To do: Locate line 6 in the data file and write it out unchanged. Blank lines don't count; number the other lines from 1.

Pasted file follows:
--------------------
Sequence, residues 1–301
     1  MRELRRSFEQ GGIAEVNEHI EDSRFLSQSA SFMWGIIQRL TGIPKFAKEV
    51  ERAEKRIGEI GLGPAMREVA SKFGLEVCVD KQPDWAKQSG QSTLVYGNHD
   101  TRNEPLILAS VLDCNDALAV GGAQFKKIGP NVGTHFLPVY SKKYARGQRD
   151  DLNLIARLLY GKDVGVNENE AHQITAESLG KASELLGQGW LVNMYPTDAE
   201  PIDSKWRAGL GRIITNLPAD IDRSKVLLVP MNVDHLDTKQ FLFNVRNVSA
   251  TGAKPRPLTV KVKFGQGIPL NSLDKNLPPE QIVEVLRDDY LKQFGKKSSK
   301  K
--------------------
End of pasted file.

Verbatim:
   201  PIDSKWRAGL GRIITNLPAD IDRSKVLLVP MNVDHLDTKQ FLFNVRNVSA